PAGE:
Oskar Schlemmer (1888-1943)
Oskar Schlemmer (1888-1943)

Im Holzhaus

Oskar Schlemmer (1888-1943)
Im Holzhaus
signed with the monogram and inscribed 'OS 2756' (lower right)
oil and pencil on paper
26 x 19¾ in. (66 x 50.1 cm.)
Executed on 27 May 1936
Galerie Otto Stangl, Munich.
Acquired by the family of the present owner in March 1952.
H. Hildebrandt, Oskar Schlemmer, Munich, 1952, no. 303 (illustrated).
K. von Maur, Oskar Schlemmer, Oeuvrekatalog der Gemälde, Aquarelle, Pastelle und Plastiken, Munich, 1979, no. G348 (illustrated p. 127).
V & M. Langen, Sammlung Viktor u. Marianne Langen. Kunst des 20ten Jahrhunderts, vol. I, Ascona, 1986 (illustrated p. 120).
Exh. cat., Oskar Schlemmer, Madrid, 1997, no. G348, p. 153 (illustrated p. 135).
Munich, Galerie Günther Franke, Oskar Schlemmer Gedächtnisausstellung, 1947, no. 29.
Cologne, Kunsthandel Dr Werner Rusche, Oskar Schlemmer - Willi Baumeister, 1948, no. 3.
Dusseldorf, Kunsthalle, Düsseldorfer Kaufleute sammeln moderne Kunst, 1956, no. 203 (illustrated pl. 71; dated '1927').
Dusseldorf, Städtische Kunsthalle und Kunstverein für die Rheinlande und Westfalen, Kunst des 20ten Jahrunderts aus rheinisch-westfälischem Privatbesitz, 1967, no. 316 (illustrated p. 59; dated '1927').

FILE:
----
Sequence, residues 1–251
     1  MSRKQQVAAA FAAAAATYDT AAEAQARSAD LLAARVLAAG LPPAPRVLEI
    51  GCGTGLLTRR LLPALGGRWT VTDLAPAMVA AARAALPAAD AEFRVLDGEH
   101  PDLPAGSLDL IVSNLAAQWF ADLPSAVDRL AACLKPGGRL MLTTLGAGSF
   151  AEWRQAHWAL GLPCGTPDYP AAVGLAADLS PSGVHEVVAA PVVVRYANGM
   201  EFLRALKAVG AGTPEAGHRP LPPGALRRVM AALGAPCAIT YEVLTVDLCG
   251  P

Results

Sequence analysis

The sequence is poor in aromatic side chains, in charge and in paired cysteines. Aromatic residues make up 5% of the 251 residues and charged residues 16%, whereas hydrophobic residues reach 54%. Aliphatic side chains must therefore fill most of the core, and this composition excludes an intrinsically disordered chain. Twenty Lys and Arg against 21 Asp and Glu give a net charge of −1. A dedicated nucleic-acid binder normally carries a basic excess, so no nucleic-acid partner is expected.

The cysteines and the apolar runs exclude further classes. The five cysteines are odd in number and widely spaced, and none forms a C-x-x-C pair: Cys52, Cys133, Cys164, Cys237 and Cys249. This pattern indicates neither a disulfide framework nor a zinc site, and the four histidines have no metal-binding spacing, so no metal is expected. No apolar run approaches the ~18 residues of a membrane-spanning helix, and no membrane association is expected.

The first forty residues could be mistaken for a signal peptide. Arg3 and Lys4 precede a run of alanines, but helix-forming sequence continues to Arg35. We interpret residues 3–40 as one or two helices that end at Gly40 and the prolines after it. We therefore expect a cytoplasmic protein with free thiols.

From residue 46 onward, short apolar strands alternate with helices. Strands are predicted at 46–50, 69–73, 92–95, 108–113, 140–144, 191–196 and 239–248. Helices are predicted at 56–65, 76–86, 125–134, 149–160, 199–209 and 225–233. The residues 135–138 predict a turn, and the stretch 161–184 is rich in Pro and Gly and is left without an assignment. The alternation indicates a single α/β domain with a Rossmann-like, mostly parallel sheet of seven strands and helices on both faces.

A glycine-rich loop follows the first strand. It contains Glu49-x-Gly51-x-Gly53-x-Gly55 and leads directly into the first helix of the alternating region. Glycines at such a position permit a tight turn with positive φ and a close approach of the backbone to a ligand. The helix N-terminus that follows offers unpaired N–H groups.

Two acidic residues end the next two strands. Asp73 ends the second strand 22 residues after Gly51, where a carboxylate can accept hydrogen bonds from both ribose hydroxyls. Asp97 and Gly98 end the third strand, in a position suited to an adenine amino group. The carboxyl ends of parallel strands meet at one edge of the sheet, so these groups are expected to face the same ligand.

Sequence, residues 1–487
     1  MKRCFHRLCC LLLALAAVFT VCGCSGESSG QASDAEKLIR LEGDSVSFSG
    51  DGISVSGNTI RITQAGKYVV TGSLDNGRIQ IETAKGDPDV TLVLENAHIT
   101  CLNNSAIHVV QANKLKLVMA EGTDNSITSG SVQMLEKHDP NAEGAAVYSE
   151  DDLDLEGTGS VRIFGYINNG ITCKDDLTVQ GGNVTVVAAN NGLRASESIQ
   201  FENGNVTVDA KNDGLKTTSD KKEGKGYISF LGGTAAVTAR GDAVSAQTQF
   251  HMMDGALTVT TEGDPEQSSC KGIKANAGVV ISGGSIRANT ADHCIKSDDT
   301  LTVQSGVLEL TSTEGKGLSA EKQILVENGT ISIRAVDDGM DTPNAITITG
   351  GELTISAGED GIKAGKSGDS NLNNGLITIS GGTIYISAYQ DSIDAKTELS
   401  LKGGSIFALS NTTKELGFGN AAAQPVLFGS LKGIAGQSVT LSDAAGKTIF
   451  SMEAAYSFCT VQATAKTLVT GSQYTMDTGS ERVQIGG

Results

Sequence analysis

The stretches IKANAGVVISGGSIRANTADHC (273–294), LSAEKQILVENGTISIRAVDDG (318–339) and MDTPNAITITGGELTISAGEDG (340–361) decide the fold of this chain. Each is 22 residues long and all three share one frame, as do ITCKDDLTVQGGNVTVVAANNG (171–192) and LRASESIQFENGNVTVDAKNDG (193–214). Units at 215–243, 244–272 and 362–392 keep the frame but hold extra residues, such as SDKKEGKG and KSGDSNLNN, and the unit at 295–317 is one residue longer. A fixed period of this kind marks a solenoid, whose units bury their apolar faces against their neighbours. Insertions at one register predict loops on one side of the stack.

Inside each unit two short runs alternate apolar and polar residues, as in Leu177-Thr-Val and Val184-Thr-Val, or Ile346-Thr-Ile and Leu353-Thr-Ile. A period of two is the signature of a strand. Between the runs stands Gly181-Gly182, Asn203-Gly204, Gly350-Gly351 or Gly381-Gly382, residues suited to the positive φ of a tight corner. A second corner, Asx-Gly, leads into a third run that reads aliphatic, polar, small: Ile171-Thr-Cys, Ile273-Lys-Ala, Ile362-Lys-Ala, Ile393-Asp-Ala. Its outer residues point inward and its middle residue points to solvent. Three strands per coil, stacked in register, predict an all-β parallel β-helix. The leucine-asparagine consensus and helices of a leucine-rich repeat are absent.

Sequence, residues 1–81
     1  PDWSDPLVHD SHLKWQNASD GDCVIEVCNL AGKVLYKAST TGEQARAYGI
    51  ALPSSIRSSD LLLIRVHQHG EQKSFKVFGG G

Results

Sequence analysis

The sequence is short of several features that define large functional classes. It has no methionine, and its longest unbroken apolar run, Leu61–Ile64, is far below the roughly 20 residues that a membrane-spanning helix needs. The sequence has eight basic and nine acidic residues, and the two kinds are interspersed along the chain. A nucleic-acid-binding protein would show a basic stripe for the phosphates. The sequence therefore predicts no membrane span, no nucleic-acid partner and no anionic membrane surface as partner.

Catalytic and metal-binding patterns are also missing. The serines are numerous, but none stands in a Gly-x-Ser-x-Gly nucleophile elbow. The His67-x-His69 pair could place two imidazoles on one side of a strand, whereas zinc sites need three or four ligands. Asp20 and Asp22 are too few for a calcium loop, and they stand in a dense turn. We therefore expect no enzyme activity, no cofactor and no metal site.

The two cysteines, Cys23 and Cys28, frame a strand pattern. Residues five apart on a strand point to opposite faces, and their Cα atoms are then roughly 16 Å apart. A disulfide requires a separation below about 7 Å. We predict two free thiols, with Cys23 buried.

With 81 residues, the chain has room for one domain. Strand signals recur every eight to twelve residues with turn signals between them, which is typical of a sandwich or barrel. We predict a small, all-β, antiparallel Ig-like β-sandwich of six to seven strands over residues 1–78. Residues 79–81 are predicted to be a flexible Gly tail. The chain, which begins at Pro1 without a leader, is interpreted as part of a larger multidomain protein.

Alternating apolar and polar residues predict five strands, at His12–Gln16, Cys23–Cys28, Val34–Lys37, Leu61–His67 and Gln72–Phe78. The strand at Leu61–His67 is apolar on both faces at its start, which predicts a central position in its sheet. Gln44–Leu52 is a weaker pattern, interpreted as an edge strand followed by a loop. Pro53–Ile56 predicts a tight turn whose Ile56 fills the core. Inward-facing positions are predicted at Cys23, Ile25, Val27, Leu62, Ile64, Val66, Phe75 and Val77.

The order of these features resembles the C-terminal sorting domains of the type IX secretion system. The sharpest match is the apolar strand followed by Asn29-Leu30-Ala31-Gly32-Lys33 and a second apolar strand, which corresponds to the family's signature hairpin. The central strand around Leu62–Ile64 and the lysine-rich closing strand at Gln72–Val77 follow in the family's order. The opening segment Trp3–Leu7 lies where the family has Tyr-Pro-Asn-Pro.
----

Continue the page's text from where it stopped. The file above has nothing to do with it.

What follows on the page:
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Adrienne Everwijn-Dumas
Adrienne Everwijn-Dumas

Lot Essay

At the beginning of 1936, Oskar Schlemmer, who had been dismissed from his teaching post in Berlin by the Nazis in 1933 and had recently lost his close friend and confidant Oskar Meyer, had not painted in many months. Finding refuge from persecution in a small village in southern Baden he attempted there to make a living by farming and sheep raising.

Schlemmer described these works at the time as a ‘type of painting, new and bursting with fresh possibilities’ in which he was seeking to establish a renewed balance between naturalism and abstraction.' (quoted in Oskar Schlemmer exh. cat. Madrid. 1999, p. 183). Another strong characteristic of these works is the presence of a central figure, seen from the back and turned away from the viewer in a way intended to embody a mood reflective not only of Schlemmer’s own mental state during this difficult period, but also the state of the world. Only ten days before completing this painting Schlemmer had written to himself in his diary, ‘Create heroic loneliness…this too is an image of the times!’ (17 May 1936, quoted in Karin von Maur, Oskar Schlemmer, Monographie und Oeuvrekatalog, vol I, Munich, 1978, p. 276).

In his diary entry for the day prior to making this painting, Schlemmer also noted how his head was ‘swimming’ with ideas for a new project of building a wooden studio in which to paint and as a means of creating something positive out of the dark times in which he found himself. Partially an idealized wooden space and partially evocative image of personal isolation and loneliness, Im Holzhaus is a classic work that embodies Schlemmer’s enduring principles of creating a balance between abstraction, proportion, and law on the one hand and nature, feeling and idea on the other.’ (Oskar Schlemmer, exh.-cat. ‘Der schöne Mensch in der Neuen Kunst', Städtische Ausstellungsgebäude, Darmstadt, 1929, p. 54.) These were elements, Schlemmer, believed, that were essential, if the world was ‘to prevent (itself) being engulfed in chaos’ (‘Der Folkwang Zyklus Malerei um 1930’ quoted in Oskar Schlemmer, exh. cat., Stuttgart, 1993-94, p. 209).

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